RE 60 München – Murnau – Garmisch-Partenkirchen – Ehrwald Zugspitzbahn – Lähn – Reutte in Tirol – Vils Stadt – Pfronten-Steinach Single service
RE 61 MunichWeilheimMurnauGarmisch-PartenkirchenMittenwald Individual services
RE 62 MunichWeilheimMurnauGarmisch-Partenkirchen – Lermoos Single service on Sat + Sun
RE 70 MunichBuchloeKemptenImmenstadtHergatzLindau-Reutin Every 2 hours
RE 72 MunichKaufering – Buchloe – MindelheimMemmingen Every 2 hours Go-Ahead Bayern
RE 76 Munich – Kaufering – Buchloe – KaufbeurenKempten – Immenstadt – Sonthofen – Oberstdorf Every 2 hours DB Regio Bayern
RE 87 MunichMeringAugsburg – Meitingen – DonauwörthTreuchtlingen Individual trains
RE 89 Munich – Mering – Kissing – Augsburg – DonauwörthNördlingen – Bopfingen – Westhausen – Aalen

Augsburg ––

Single service Mo - Fr
RE 96 Munich – Buchloe – Memmingen – Kißlegg – Lindau-Insel – Lindau-Reutin Every 2 hours Go-Ahead Bayern
RB 6
(Mittenwald - Innsbruck:  S6 )
MunichTutzing – Weilheim – Murnau – Garmisch-Partenkirchen

(every 4 hours: – Mittenwald – Seefeld in Tirol – Innsbruck)

Every 2 hours DB Regio BayernÖBB
RB 16 Munich – Ingolstadt – Eichstätt – Treuchtlingen (every 2 hours: – Nuremberg) Hourly DB Regio Bayern
RB 33 MunichFreising – Landshut Individual services
RB 40 MunichMarkt Schwaben – Mühldorf Hourly Südostbayernbahn
RB 54 MünchenGrafing Bahnhof – Rosenheim – Kufstein Hourly Bayerische Regiobahn
RB 55/RB 56/RB 57 MunichHolzkirchenBayrischzell / Lenggries / Tegernsee Hourly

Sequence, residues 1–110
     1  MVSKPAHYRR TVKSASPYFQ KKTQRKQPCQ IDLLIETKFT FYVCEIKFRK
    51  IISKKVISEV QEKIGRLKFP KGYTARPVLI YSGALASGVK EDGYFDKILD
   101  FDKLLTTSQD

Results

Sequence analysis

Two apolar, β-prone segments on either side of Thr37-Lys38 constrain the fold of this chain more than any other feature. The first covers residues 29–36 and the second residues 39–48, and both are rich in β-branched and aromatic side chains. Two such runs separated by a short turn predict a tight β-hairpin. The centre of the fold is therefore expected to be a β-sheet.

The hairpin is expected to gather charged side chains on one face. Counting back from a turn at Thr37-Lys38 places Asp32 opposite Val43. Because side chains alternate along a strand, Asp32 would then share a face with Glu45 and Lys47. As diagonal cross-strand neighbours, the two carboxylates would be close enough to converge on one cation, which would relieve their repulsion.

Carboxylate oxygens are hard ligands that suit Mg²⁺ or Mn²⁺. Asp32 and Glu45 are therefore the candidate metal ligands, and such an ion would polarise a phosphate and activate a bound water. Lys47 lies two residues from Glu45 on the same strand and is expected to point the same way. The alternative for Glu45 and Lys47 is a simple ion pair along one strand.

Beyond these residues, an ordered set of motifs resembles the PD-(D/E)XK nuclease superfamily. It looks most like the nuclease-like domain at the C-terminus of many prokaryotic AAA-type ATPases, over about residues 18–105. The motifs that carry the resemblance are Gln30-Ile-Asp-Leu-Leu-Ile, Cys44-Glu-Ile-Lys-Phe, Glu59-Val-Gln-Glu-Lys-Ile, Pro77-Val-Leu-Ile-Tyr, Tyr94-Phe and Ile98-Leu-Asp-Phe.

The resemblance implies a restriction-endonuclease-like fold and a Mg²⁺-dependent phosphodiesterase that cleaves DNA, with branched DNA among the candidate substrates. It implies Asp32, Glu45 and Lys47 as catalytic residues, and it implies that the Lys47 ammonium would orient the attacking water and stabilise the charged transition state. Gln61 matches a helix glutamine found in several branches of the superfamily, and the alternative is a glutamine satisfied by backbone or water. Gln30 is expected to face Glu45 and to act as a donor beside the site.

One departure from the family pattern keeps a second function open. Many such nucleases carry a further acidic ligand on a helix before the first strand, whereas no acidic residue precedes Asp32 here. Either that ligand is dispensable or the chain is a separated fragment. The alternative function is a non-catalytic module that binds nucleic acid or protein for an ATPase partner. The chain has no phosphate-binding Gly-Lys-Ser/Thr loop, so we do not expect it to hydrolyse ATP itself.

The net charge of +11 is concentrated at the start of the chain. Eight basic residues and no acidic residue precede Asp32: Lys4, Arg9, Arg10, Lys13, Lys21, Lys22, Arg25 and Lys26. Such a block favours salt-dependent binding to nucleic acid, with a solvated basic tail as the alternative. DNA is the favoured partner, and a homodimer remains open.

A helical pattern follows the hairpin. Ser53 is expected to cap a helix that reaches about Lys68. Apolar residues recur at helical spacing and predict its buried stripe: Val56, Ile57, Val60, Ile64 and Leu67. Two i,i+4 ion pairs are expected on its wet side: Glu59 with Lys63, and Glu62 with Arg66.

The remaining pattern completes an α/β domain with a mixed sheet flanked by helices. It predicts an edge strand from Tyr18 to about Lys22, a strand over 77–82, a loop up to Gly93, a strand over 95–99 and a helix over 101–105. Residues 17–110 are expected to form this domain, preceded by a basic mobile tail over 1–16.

RB 58 Munich – Holzkirchen – Bad Aibling – Rosenheim Hourly
RB 60 Munich – Tutzing – Weilheim – Murnau – Garmisch-Partenkirchen – Mittenwald (– Seefeld in Tirol) Every 2 hours DB Regio Bayern
RB 65/RB 66 Munich – Tutzing – Weilheim / – Penzberg – BichlKochel Hourly
RB 68 Munich – Kaufering – Buchloe – Kaufbeuren – Biessenhofen – Füssen Individual services Bayerische Regiobahn
RB 74 Munich – Kaufering – Buchloe Hourly DB Regio Bayern
RB 86/RB 87 Munich – Mering – Augsburg – Dinkelscherben / Donauwörth Hourly Go-Ahead Bayern


Underground S-Bahn station with the Spanish solution

The Munich S-Bahn operates through a separate part of the station as an S-Bahn station on the S-Bahn trunk line (S-Bahn-Stammstrecke) with two tracks and three platforms in the Spanish solution (the island platform is for boarding only and the side platforms are for disembarking), which is in the northern basement at level -2. This station is served by seven S-Bahn lines S 1, S 2, S 3, S 4, S 6, S 7 and S 8 (in service 24/7). The planned construction of a new S-Bahn station as part of the construction of the second trunk line (zweiten Stammstrecke) at level -5 (-41 metres), formerly intended to start in 2006, has been delayed due to financing issues.

Other facilities[edit]

Sofitel Munich Bayerpost